¡Forward, Russia!: Life Processes

¡Forward, Russia! should be commended for asking questions of themselves when they could have sat pretty and cemented their position as dance-punk heroes.


Life Processes

Display Artist: ¡Forward, Russia!
Label: Mute
US Release Date: 2008-07-22
UK Release Date: 2008-04-14

¡Forward, Russia!'s debut album, Give Me a Wall, was one of the clear highlights of the dance-punk craze that rattled its collective hi-hat relentlessly for a while a couple of years back. The histrionically named Leeds four-piece boasted an urgency and intensity that many of their peers simply couldn't match, their danceable rhythm section only one half a picture that also boasted inventive guitar noodling, a wildly theatrical vocalist and the occasional blistering surge of noise.

But while these traits ensured the gimmickry of matching T-shirts, songs that were numbered rather than named and, of course, a penchant for the Hispanic exclamation marks, were only a fleeting focus, ¡Forward, Russia! are admirably discontent to rest on their laurels. Indeed, going by their second long-player, Life Processes, the band's name now appears less like an explosion in a punctuation factory and more like a mission statement. Forward, it seems, is the only way here, for better or for worse.

And it is for better and for worse, variably, as it happens. For Life Processes is a concerted step towards a bigger sound, more concerned with widening eyes than shifting feet. When it comes off, as on "Spring Is a Condition", the band's sound has evolved into something grand and dramatic, while retaining its sense of energy and freedom from bombast. But other tracks, "A Shadow Is a Shadow Is a Shadow" for one, struggle to accommodate this ambition and resort to pushing clamorous guitars and a fidgety vocal in no particular direction.

That said, Life Processes doesn't have any particularly bad songs, just some that struggle to find sure footing in the step up in scale. The album does, however, take longer to sink in than its predecessor -- had this review been written after just a single listen there'd no doubt be a lower number at the end of it -- which more than anything indicates the band's widened vision; the focus here is on the bigger picture, rather than instant gratification. This is most evident on the slow burners: "Some Buildings" is a seven-minute process of incremental growth, the steadily accelerating engine of Whiskas's guitar underpinning a part-resigned, part-sinister refrain of "some buildings are built to be broken" before eventually breaking out into a towering conclusion. Single "Breaking Standing" is a creeper in an entirely different sense, initially underwhelming to those used to the raucous energy of Give Me a Wall but with a chorus that sounds more and more accommodating with every listen.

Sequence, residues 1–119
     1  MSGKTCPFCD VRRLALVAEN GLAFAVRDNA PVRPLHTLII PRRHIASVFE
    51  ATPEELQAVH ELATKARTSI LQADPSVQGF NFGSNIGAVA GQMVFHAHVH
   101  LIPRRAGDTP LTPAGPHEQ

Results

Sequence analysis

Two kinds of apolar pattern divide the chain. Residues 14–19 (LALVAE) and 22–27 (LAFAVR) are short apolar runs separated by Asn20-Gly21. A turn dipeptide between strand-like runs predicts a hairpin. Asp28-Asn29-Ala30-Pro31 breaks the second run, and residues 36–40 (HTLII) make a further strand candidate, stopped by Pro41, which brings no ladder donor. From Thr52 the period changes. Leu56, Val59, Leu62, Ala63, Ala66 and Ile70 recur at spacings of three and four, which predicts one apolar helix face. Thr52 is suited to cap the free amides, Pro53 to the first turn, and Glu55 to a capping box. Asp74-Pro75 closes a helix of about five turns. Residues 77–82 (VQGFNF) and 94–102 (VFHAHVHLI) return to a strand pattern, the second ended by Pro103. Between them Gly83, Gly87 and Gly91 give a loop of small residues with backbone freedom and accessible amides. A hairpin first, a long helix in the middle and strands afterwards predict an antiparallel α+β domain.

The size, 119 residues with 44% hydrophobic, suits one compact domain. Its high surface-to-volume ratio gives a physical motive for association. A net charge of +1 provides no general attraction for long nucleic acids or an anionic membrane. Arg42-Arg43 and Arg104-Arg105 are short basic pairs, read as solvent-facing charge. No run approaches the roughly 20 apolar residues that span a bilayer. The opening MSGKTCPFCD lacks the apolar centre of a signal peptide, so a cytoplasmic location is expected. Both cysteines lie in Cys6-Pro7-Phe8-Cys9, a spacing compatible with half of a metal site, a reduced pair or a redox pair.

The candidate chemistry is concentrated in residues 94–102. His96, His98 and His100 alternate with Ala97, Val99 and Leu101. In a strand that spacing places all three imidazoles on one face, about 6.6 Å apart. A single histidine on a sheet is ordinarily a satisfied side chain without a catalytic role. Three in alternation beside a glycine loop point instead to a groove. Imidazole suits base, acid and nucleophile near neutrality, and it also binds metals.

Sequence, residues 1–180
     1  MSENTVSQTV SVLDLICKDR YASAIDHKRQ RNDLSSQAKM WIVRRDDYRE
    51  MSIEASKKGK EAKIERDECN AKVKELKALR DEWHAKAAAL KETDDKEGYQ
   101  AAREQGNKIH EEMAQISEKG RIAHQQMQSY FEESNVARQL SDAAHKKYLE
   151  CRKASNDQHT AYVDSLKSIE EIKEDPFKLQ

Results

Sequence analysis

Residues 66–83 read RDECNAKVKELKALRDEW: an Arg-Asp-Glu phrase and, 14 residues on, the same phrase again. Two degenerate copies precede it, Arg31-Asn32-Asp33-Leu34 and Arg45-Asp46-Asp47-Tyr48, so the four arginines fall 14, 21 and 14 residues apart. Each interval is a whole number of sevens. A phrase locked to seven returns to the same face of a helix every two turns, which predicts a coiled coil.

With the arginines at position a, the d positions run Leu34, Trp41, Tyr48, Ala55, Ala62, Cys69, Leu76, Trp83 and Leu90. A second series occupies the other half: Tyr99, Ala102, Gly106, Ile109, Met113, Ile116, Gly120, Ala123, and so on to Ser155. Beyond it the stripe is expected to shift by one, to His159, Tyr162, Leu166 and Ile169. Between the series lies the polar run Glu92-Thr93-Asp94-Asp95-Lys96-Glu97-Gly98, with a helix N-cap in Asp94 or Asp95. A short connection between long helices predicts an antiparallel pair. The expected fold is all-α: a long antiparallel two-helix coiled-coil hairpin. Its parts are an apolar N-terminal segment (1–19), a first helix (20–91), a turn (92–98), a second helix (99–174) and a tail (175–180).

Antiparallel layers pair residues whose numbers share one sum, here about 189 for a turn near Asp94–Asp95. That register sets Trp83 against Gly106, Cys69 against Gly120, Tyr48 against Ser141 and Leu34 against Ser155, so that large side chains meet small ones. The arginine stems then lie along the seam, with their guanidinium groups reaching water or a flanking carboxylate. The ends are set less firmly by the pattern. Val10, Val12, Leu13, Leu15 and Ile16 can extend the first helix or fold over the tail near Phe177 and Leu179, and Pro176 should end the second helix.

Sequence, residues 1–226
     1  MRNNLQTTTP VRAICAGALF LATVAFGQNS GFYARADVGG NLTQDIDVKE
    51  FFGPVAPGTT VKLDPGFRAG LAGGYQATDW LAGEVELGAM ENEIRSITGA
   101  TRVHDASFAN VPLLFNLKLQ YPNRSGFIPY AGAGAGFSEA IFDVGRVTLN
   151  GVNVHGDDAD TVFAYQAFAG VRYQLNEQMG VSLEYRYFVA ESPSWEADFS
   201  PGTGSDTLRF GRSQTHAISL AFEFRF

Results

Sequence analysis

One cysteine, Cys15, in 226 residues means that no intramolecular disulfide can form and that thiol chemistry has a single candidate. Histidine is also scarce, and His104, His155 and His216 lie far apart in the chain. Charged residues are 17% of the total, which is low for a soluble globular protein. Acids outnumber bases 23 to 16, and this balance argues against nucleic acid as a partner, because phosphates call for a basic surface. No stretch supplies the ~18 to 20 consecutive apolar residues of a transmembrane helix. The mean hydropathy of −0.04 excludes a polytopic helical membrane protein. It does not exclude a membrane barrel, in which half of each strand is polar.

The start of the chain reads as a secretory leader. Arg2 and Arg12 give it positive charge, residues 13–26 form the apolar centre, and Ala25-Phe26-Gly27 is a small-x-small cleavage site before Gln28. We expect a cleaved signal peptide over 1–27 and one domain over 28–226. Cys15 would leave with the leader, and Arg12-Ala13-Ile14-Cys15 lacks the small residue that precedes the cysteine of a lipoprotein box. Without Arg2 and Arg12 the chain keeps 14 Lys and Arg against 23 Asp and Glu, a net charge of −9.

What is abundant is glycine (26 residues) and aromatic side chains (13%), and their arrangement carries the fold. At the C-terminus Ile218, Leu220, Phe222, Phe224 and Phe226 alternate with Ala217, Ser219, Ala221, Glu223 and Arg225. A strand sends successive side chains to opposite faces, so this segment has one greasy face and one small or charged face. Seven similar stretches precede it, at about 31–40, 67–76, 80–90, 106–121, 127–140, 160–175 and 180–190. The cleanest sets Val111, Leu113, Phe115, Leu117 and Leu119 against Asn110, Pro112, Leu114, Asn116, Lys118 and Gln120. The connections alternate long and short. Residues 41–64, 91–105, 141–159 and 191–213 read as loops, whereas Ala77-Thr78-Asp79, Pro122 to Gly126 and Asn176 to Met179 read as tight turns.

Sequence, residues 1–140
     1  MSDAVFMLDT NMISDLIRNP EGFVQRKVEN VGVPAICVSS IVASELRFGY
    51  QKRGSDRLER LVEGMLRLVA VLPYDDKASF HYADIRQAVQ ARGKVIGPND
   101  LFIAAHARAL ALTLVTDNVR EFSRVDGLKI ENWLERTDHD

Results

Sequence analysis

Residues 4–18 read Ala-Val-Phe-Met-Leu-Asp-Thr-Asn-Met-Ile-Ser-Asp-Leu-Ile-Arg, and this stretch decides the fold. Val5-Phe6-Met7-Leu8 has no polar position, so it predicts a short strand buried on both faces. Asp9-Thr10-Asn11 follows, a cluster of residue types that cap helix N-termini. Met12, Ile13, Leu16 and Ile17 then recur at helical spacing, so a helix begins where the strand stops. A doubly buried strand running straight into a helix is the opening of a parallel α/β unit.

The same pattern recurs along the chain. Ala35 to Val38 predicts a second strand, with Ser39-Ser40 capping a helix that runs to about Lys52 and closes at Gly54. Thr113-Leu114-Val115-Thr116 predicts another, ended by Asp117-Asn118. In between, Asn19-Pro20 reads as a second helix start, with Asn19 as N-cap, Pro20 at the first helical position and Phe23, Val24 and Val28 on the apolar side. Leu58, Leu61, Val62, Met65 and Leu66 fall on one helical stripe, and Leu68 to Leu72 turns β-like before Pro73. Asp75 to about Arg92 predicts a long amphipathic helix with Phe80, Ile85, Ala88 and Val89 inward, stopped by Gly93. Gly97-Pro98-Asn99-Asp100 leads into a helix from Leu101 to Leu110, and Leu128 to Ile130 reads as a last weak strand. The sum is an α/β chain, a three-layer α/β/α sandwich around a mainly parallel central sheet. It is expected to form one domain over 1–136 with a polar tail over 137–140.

Even when instilled with a shot of Give Me a Wall's urgency Life Processes remains ambitious, however. Indeed, the album is persistently declaratory, its song titles often ringing out as proclamations ("Welcome to the Moment", "We Are Grey Matter", "A Prospector Can Dream", "Spring Is a Condition"). It's fitting then that those same songs should have a concurrent sense of importance, embodied both in Tom's lyrics and in a sound that is frequently imposing. The former is both a blessing and a curse, with the apocalyptic to-and-fro of "Welcome to the Moment" suiting Tom Woodhead's wildly oscillating vocal to perfection ("This a problem / There is no solution") but "A Prospector Can Dream" struggling to bear the weight of the themes lobbed its way ("Did you ever study the Israelites? / They made a new life for themselves with such a peculiar change").

Crucially, however, both tracks manage the balance of Life Processes capably, maintaining that drive while simultaneously spreading ¡Forward, Russia!'s sound, and in particular Whiskas's guitar, thicker than ever before. "Gravity & Heat" perhaps spreads it a little too thick -- its heavier, power chord-laden sections carry a whiff of generic alt-rock -- but its impossible to criticise the band's choice to push themselves, particularly if it leads them writing songs like "Spanish Triangles". The album's nine-minute closer is a massive, yearning opus, its instrumentation steeped in post-rock but its vocal bordering on the anthemic, as Woodhead's most assured performance yet segues into a collective, conclusive chant.